Politics of Representation


The Politics of Representation:
Reflections on Controversial Issues in Museums and Related Places in Japan and Hawai‘i
This FREE, OPEN-TO-THE-PUBLIC two-day symposium and a keynote presentation brought together scholars, educators, and museum professionals from Japan and Hawai‘i to discuss the challenges of developing exhibits with controversial or highly sensitive content on historic events and related issues. Presenters reflected on their experiences working in museums, cultural centers, historic sites, and community festivals.  Each focused on a case study and provided a glimpse of how they researched and prepared an exhibit; consulted with scholars, teachers, education specialists, board members, staff, and community stakeholders; and made crucial decisions along the way.

The theme of the symposium highlighted the issue of representation and its politics, and considered some of the following questions:

  • How do you accurately and sensitively represent historic events and/or cultural practices from more than one perspective? 
  • What words and images should one use or avoid?  How do these words or images provide different ways of understanding an event or issue?
  • What civic responsibilities does an institution have to share little known information from one community group yet objectionable to another?
  • How do you prepare an institution’s staff to embrace uncomfortable issues?
  • How do you weigh the educational merit or ethical obligation of participating in these activities against the repercussions of bringing negative attention to an institution and jeopardizing its reputation, angering its membership, and/or risking future funding?

Exhibits and their auxiliary educational programs can offer compelling ways for students, teachers, and the general public to engage with highly sensitive content on such topics as lynching as exhibited in Without Sanctuary: Lynching Photography in America at the Martin Luther King, Jr. National Historic Site, in Atlanta, GA; and protests by Hawaiian citizens against the annexation of Hawai‘i by the United States in 1898 at the Bishop Museum’s Hawaiian Hall in Honolulu, HI.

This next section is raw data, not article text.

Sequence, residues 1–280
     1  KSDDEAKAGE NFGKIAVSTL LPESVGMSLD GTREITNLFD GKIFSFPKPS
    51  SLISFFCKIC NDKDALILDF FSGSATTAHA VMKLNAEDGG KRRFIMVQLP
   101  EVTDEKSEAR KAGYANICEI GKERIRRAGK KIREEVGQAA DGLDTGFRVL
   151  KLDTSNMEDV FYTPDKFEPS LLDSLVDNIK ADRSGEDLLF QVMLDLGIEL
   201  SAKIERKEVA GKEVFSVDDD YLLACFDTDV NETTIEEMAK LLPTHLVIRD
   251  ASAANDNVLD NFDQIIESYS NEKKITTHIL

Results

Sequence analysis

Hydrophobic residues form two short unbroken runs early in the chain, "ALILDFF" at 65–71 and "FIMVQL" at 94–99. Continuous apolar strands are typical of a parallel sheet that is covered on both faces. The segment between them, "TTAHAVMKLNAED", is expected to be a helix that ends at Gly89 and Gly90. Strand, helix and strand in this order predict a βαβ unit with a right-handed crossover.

The symposium organizers hope the symposium and keynote address provided opportunities for learning from the presenters and audience.  They look forward to creating a place for discussing issues that may have been too “hot” for museums, classrooms, and other public places in the past but are now crucial to learning about our histories and differences.

Download high-quality Symposium and Keynote flyer here

Program for Symposium and Keynote


Click to listen to Hawaii Public Radio’s The Conversation interview with Liz Ševčenko about The Politics of Representation 

Photos of these Events

Liz Sevcenko Photo Album HCH for Web

Friday, November 1, 2013, at Center for Korean Studies, University of Hawai‘i Mānoa

SESSION 1: Representing Difficult Issues: The Battle of Okinawa and the Bombing of Nagasaki
12 pm – 3 pm

  • Dennis Ogawa, moderator
  • Kaori Akiyama, Graduate University of Advanced Studies [SOKENDAI], Japan
  • Kosuke Harayama, National Museum of Japanese History, Japan
  • Shari Tamashiro, Kapi‘olani Community College
  • Shotaro Okuno, Nagasaki Atomic Bomb Museum, Japan

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Keynote, at Atherton Hālau, Bishop Museum                                                                

Presentation: Sites of Conscience: Opening Dialogue on Contested Histories and Contemporary Issues
6 pm – 8 pm, Atherton Hālau, Bishop Museum

  • Speaker: Liz Ševčenko
    Director, Guantánamo Public Memory Project
    The Institute for the Study of Human Rights, Columbia University, New York, NY

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Saturday, November 2, 2013, at Center for Korean Studies, University of Hawai‘i Mānoa

SESSION 2: Depicting Japan and the Japanese at Pearl Harbor, and Presenting the Internment at Honouliuli
9 am – 11:30 am

  • Mari Matsuda, moderator
  • Eileen Martinez, World War II Valor in the Pacific National Monument (Pearl Harbor)
  • Yujin Yaguchi, University of Tokyo
  • Brian Niiya, Densho: The Japanese American Legacy Project
  • Joyce Chinen, Center for Okinawan Studies, UH

SESSION 3: Rethinking the Representations of Historic Events at Bishop Museum, the Judiciary History Center, and ‘Iolani Palace
1:15 pm – 2:45 pm

  • Karen Kosasa, moderator
  • Noelle Kahanu, Bishop Museum
  • Matt Mattice, Judiciary History Center
  • Heather Diamond, ‘Iolani Palace

SESSION 4: Reflections on the Symposium: A Roundtable Discussion and Conversation with the Audience
3 pm – 4:30 pm

  • Yujin Yaguchi, moderator
  • Liz Ševčenko, Guantánamo Public Memory Project
  • Kosuke Harayama, National Museum of Japanese History, Japan
  • Karen Kosasa, Museum Studies, UH
  • Bob Buss, Hawai‘i Council for the Humanities
  • Robert Perkinson, Presidential Center Initiative, UH

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Hawai‘i Council for the Humanities
Hawai‘i Council for the Humanities
Museum Studies Graduate Certificate Program and The University of Hawai‘i Presidential Center Initiative
Museum Studies Graduate Certificate Program and The University of Hawai‘i Presidential Center Initiative
The Graduate University for Advanced Studies [SOKENDAI]
The Graduate University for Advanced Studies [SOKENDAI]


Contact: 808-469-4551